By Marice Richter
GRAPEVINE, Texas (Reuters) - Moments before police found seven bullet-riddled bodies in a suburban Dallas apartment on Christmas Day, someone from inside the home called 911 and asked for help, police said on Tuesday.
Police say it was likely the killer -- a man in a Santa suit who apparently gunned down his family before fatally shooting himself -- who called 911 before dying.
Law enforcement officials initially thought the call was a silent, open line, but they heard something else when they listened to it again on Tuesday, Grapevine Police Department Lieutenant Todd Dearing told Reuters.
"Right at the beginning of the call, you can hear someone breathing hard, and it sounds like they're saying 'Help,'" Dearing said.
"It's real soft, but when you put the earphones on, you can hear it a lot better. Then it's 30 seconds of heavy breathing, then the call disconnected."
The call from the Grapevine, Texas, apartment late Sunday morning prompted police to break down the door to find the bloodbath.
The victims ranged in age from 15 to 59, police said. Their bodies were strewn around the living room amid unwrapped presents and near a Christmas tree.
Two handguns -- one of which the shooter had owned for some 15 years -- were found at the scene, Dearing said.
Police have said the seven were members of two families connected by a pair of siblings, but have not released their identities, nor a motive for the killings.
But more details began to emerge on Tuesday as investigators pieced together clues about the worst massacre ever seen in this town of 46,000, known as the "Christmas Capital of Texas," about 20 miles from downtown Dallas.
Investigators were putting together a more precise timeline for the killings after interviewing friends and relatives of the victims, Dearing said.
That morning, one of the victims sent a text message to a friend or family member saying that he or she and two others had just arrived at the home, and that the man in the Santa suit was already there with three others, Dearing said.
There was no hint at distress in the message, Dearing said.
"It was an innocuous text," he said. "There wasn't a cry for help or anything like that. Nothing was amiss at that time."
But 18 minutes later, that changed with the 911 call.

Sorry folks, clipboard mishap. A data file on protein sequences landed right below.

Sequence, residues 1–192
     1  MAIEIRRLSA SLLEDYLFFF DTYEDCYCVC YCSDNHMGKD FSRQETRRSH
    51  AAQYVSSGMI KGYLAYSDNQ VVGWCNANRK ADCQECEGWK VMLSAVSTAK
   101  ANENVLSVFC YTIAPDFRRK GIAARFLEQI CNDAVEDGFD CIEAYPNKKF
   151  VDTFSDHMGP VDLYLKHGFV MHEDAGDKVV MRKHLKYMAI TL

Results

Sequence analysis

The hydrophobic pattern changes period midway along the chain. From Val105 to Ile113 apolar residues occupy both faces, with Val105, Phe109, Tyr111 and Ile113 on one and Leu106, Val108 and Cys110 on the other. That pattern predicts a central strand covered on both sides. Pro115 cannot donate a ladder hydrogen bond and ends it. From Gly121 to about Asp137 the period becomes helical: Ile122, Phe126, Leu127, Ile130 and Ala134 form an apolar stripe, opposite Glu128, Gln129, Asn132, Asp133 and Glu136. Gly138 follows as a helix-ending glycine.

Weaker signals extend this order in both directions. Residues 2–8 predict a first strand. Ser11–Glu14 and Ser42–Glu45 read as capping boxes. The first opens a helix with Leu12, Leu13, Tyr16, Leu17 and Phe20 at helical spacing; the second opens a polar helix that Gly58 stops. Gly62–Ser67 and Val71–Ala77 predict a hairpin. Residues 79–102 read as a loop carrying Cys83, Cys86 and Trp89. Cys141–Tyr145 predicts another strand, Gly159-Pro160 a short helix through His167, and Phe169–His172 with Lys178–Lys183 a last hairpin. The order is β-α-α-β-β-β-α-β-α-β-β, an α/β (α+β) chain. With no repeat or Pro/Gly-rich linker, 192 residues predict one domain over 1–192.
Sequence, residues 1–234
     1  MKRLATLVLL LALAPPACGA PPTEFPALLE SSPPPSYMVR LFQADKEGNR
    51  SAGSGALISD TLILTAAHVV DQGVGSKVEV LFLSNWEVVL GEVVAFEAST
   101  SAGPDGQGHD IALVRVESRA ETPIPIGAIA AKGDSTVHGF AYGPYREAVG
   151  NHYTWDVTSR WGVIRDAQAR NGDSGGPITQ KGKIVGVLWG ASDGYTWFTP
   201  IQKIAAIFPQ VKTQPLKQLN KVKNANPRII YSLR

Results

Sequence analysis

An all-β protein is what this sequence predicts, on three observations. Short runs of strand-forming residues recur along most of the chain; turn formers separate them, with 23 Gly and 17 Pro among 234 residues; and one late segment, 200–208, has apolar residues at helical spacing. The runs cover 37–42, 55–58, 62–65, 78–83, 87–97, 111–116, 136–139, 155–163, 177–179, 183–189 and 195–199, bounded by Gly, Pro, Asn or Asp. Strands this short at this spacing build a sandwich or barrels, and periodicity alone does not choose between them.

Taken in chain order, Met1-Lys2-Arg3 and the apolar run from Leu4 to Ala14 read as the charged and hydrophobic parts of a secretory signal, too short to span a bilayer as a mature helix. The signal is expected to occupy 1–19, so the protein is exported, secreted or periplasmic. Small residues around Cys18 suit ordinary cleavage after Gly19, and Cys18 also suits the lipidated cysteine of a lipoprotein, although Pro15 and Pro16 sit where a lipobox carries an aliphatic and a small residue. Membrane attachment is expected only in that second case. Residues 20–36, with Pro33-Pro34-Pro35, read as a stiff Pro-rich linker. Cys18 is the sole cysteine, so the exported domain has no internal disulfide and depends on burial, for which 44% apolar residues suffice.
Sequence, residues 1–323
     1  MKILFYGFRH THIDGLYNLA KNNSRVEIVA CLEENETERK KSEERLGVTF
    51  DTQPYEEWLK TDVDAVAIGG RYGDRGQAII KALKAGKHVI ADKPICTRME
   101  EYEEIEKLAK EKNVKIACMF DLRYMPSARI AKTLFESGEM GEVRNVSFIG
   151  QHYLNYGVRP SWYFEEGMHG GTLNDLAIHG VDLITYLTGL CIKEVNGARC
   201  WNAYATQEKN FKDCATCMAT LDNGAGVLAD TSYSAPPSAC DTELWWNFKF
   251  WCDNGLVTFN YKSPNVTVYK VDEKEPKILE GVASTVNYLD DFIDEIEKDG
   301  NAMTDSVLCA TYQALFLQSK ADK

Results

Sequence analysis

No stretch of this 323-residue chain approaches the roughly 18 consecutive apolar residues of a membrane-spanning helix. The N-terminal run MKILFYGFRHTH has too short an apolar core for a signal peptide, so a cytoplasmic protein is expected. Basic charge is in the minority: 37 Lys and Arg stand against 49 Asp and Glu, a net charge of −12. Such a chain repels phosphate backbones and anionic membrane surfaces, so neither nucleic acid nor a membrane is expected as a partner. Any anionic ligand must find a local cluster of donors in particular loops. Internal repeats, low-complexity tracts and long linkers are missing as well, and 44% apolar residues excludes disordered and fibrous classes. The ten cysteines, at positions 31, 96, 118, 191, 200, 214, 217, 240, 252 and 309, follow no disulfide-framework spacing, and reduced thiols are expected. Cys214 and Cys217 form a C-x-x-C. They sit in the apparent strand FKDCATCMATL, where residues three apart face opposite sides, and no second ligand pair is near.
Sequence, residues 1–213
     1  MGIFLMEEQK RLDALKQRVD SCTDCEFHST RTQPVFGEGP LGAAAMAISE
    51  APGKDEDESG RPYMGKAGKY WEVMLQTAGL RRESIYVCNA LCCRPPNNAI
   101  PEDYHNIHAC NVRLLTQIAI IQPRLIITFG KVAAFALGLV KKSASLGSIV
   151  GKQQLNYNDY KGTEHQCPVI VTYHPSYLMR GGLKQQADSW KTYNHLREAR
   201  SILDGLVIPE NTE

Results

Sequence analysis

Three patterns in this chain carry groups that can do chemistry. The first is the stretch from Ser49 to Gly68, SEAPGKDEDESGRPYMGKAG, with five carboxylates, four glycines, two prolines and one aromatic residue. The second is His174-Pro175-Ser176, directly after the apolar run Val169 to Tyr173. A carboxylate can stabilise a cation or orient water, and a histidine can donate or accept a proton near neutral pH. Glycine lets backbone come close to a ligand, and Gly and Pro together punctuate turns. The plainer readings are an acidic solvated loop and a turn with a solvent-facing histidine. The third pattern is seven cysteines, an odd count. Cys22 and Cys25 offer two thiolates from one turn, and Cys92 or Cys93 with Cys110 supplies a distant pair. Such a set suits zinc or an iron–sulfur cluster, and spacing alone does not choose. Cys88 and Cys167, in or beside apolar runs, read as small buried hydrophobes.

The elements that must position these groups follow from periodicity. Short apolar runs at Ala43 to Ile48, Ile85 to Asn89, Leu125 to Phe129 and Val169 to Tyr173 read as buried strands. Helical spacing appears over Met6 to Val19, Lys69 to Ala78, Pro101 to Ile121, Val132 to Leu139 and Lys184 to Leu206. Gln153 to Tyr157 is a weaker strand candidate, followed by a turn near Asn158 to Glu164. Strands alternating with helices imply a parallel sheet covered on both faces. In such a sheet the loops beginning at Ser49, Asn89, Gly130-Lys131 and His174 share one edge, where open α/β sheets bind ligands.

Operators tried to call back, as is the standard procedure, but no one answered, Dearing said. By that time, police were on the other side of the apartment door, listening to the phone ring unanswered, he said.
Moments later, they broke down the door and discovered the scene.
"We have a small window there of when everything transpired," Dearing said.
Dearing said evidence seemed to indicate that the 911 caller was the shooter.
"We're not 100 percent on that, but it leads toward that," he said. "It sounds like a male and the way the scene is set up, he would be the more logical one."
The shooter had brought with him two handguns -- a Glock 40-caliber pistol with a 10-round magazine, and a Smith and Wesson 9mm with a 15-round magazine, Dearing said.
Dearing would not say how many casings had been found, but said neither gun's magazine was spent.
The shooter had owned both guns, one of which was purchased in 1996, for several years, Dearing said.
"He didn't go out and buy them the day before Christmas," Dearing said. "He's had them for a long time."
Lincoln Vineyards apartments, where the shootings happened, is a middle-income complex near Colleyville Heritage High School, one of the area's most highly regarded schools.
Grapevine is known for its wine-tasting salons. It was proclaimed by the state Senate as the "Christmas Capital of Texas" for its abundance of annual holiday-season events.
(Additional reporting by Karen Brooks in Austin; Editing by Jerry Norton)